Thus, while several embodiments have been shown and described, various changes and substitutions may of course be made, without departing from the spirit and scope of the invention. The invention, therefore, should not be limited, except by the following claims and their equivalents.

Patent Citations
Cited PatentFiling datePublication dateApplicantTitle
US1611858Dec 31, 1923Dec 21, 1926Union Hardware CompanyBaseball bat
US2031161Apr 29, 1935Feb 18, 1936Hamel Otto WHandgrip member
US4848745Jun 4, 1986Jul 18, 1989Phillips Petroleum CompanyFiber reinforced article
US4931247Dec 19, 1988Jun 5, 1990Yeh Chien HwaFabrication method of a hollow racket made of carbon fiber
US4940247Mar 22, 1989Jul 10, 1990Ten Pro CorporationBaseball bat
US5035428 *Dec 13, 1989Jul 30, 1991Bartkowicz Robert JRotating grip for a baseball bat
US5131651May 21, 1991Jul 21, 1992You Chin SanBall bat
US5301940Aug 27, 1993Apr 12, 1994Mizuno CorporationBaseball bat and production thereof
US5303917Apr 13, 1992Apr 19, 1994Uke Alan KBat for baseball or softball
US5362046May 17, 1993Nov 8, 1994Steven C. Sims, Inc.Vibration damping
US5364095May 21, 1991Nov 15, 1994Easton Aluminum, Inc.Tubular metal ball bat internally reinforced with fiber composite
US5380003Jan 12, 1994Jan 10, 1995Lanctot; Paul A.Baseball bat
US5395108Jan 19, 1994Mar 7, 1995Easton Aluminum, Inc.Simulated wood composite ball bat
US5415398Jun 10, 1994May 16, 1995Eggiman; Michael D.Softball bat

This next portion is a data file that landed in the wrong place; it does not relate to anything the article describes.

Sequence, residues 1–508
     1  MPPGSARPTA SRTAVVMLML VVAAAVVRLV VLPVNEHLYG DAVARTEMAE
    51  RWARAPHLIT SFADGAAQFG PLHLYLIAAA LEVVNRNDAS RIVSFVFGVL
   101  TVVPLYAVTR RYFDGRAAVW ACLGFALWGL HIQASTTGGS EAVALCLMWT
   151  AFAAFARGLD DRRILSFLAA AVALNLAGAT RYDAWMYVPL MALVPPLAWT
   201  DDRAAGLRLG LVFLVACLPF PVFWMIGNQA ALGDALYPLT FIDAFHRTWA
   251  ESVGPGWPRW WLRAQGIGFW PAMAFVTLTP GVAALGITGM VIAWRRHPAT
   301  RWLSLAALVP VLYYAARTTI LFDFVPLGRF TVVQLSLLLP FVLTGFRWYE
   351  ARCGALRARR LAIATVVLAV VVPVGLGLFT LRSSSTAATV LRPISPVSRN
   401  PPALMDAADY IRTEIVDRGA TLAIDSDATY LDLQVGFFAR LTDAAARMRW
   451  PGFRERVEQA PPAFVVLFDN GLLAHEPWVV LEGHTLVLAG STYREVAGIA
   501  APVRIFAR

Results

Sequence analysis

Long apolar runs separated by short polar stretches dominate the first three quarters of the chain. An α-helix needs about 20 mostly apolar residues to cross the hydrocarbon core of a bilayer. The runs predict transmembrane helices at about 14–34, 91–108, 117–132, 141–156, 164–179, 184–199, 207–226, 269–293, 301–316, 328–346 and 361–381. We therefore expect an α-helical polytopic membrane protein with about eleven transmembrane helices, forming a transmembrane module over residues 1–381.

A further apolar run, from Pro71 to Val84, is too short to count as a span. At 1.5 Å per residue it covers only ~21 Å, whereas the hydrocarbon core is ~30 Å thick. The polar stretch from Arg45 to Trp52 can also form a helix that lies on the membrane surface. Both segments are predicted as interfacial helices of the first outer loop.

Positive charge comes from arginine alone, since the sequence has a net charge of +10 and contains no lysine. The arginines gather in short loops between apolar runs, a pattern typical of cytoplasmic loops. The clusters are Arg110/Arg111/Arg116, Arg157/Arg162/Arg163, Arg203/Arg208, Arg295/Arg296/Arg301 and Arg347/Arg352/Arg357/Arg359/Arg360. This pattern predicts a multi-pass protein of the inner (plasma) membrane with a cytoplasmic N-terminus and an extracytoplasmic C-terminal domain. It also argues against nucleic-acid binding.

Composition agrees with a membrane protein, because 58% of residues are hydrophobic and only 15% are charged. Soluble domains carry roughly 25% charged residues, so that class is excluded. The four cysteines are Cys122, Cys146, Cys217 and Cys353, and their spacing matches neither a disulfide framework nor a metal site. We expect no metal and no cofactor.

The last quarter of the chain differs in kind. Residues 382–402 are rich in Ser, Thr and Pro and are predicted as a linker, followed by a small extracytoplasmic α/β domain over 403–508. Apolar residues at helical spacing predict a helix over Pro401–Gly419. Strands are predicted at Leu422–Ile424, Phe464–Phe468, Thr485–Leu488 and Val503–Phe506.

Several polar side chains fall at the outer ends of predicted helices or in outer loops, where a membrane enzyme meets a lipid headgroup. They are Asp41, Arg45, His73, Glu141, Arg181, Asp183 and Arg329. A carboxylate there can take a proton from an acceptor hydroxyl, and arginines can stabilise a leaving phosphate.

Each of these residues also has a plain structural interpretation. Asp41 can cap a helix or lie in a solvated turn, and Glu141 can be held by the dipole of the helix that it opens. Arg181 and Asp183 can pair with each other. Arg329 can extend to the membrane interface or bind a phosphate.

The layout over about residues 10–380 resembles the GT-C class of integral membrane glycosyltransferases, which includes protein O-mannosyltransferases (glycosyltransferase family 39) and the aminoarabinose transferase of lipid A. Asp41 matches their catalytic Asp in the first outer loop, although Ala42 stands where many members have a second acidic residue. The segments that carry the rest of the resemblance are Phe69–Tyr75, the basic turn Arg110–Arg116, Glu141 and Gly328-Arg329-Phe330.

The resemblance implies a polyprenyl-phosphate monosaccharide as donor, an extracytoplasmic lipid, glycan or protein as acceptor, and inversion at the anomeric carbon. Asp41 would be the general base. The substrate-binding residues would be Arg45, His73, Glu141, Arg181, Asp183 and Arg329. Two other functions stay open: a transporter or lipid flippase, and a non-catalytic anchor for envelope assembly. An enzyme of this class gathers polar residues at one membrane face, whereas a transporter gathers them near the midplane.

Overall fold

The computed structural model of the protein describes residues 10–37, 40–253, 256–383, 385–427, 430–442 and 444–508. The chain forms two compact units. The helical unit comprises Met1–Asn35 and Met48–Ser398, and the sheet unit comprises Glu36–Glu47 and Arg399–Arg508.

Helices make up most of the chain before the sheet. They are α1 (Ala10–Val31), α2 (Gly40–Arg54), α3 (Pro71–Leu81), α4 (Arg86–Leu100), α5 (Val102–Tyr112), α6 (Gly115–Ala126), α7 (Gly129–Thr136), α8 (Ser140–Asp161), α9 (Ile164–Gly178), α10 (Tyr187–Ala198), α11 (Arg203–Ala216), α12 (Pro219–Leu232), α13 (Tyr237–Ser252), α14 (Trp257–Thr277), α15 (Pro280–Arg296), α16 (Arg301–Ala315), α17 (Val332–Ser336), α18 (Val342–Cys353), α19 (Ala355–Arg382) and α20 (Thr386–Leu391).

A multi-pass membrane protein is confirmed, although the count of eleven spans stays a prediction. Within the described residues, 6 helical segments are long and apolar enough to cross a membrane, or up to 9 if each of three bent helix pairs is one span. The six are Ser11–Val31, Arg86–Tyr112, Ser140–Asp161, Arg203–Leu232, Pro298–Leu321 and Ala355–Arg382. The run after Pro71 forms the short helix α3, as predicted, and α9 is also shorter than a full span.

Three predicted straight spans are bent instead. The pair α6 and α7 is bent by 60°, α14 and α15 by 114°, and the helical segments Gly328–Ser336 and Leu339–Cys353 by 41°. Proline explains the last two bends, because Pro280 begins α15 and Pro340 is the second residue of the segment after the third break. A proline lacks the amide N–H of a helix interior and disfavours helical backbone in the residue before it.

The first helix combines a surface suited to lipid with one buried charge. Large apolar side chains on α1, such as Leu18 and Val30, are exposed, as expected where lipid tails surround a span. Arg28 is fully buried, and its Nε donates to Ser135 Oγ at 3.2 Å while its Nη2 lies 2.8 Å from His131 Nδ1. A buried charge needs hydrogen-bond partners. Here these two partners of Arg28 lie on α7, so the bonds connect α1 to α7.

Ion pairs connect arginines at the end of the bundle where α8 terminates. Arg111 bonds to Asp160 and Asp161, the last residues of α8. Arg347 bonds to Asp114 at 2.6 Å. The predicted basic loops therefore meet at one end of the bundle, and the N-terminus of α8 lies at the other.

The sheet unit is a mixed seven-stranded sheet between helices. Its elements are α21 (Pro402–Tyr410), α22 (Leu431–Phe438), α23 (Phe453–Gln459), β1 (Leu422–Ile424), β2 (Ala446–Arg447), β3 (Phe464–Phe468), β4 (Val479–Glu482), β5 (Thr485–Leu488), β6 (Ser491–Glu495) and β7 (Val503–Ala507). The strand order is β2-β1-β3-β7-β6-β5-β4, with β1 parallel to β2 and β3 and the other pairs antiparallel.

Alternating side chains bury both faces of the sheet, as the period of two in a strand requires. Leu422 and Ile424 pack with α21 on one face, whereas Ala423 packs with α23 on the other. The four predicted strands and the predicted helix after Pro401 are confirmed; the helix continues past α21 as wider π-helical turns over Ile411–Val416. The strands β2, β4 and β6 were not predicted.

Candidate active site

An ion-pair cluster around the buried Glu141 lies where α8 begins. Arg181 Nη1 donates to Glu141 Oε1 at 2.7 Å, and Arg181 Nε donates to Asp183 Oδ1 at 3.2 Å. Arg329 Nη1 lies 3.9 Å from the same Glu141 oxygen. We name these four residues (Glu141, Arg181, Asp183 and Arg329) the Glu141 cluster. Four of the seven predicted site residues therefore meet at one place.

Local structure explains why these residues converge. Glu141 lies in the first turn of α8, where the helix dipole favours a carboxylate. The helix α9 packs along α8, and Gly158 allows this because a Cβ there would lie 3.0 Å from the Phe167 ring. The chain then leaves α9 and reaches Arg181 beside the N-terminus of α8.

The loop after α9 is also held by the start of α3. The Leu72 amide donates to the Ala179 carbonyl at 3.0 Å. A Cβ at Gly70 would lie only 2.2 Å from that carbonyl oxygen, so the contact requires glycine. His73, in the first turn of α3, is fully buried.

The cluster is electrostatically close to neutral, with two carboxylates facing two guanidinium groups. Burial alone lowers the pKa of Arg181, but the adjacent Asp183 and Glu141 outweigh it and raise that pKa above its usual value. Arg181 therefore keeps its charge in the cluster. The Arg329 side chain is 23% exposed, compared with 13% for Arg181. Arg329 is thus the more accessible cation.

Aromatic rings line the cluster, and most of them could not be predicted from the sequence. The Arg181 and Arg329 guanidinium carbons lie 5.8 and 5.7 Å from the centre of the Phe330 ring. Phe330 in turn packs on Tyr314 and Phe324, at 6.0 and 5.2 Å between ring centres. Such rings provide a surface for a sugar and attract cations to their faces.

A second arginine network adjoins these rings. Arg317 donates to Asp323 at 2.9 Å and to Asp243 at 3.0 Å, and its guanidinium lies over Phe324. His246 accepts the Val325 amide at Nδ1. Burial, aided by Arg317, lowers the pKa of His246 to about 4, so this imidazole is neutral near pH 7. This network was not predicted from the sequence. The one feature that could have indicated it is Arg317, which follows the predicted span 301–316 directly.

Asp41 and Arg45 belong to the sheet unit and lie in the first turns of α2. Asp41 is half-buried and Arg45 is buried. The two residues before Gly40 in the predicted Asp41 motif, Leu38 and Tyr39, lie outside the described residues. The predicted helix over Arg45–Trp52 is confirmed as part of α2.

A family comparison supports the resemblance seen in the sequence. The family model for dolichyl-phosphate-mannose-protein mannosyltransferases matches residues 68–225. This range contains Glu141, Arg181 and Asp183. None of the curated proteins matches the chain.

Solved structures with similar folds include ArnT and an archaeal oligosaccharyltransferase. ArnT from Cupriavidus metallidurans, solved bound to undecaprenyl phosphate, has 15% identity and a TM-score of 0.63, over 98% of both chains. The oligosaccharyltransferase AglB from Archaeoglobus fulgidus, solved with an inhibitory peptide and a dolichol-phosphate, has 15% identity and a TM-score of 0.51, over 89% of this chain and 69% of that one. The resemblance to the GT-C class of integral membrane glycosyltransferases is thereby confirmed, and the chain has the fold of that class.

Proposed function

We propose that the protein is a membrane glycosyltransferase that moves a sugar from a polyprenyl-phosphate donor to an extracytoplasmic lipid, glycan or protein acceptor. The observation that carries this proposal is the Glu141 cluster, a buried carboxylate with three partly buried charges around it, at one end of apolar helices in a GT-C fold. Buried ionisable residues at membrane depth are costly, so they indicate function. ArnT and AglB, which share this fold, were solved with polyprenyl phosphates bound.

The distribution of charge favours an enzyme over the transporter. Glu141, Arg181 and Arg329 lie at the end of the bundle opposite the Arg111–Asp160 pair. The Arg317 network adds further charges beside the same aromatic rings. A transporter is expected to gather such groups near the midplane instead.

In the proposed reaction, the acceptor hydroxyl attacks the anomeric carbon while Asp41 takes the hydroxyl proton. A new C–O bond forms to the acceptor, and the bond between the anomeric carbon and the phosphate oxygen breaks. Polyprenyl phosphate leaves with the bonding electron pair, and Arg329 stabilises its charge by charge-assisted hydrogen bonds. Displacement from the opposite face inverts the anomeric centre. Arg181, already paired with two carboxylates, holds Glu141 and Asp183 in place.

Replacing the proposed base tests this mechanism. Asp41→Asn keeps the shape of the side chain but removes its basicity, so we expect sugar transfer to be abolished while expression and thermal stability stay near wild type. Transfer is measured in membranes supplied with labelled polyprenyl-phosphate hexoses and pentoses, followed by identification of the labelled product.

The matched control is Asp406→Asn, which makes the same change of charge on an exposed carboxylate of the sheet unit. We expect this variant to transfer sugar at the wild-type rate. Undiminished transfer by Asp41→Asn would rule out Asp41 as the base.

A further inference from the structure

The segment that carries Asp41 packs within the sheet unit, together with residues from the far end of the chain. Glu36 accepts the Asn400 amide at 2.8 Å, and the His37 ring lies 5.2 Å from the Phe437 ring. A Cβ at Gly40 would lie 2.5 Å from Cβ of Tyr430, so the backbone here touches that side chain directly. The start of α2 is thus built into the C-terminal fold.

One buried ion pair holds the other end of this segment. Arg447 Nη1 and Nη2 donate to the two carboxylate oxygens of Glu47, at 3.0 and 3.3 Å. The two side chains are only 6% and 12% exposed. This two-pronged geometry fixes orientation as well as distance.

US5482270Sep 30, 1994Jan 9, 1996Smith; J. AlHandgrip for a bat
US5511777Feb 3, 1994Apr 30, 1996Grover Products Co.Ball bat with rebound core
US5516097Apr 13, 1995May 14, 1996Huddleston; Allen D.Flexible section baseball bat
US5593158Dec 21, 1995Jan 14, 1997Jas D. Easton, Inc.Shock attenuating ball bat
US5624115Aug 25, 1995Apr 29, 1997The Baum Research & Development Co., Inc.Composite baseball bat with cavitied core
US5676610Dec 23, 1996Oct 14, 1997Hillerich & Bradsby Co.Bat having a rolled sheet inserted into the barrel
US5711728Oct 25, 1996Jan 27, 1998Marcelo; Severino V.Shock and vibration absorbing ball bat
US5759113Jun 21, 1996Jun 2, 1998Minnesota Mining And Manufacturing CompanyVibration damped golf clubs and ball bats
US5772541May 1, 1997Jun 30, 1998Jas D. Easton, Inc.Vibration dampened hand-held implements
US5833561Jan 27, 1997Nov 10, 1998Lisco, Inc.For use in allowing for improved swing characteristics
US5899823Aug 27, 1997May 4, 1999Demarini Sports, Inc.Ball bat with insert
US5964673Jan 27, 1997Oct 12, 1999Hellerich & Brasby Co.Hollow metal bat with stiffened transition zone and method of making same
US6007439Apr 14, 1997Dec 28, 1999Hillerich & Bradsby Co.Vibration dampener for metal ball bats and similar impact implements
US6022282Nov 10, 1998Feb 8, 2000Spalding Sports Worldwide, Inc.Ball bat with tailored flexibility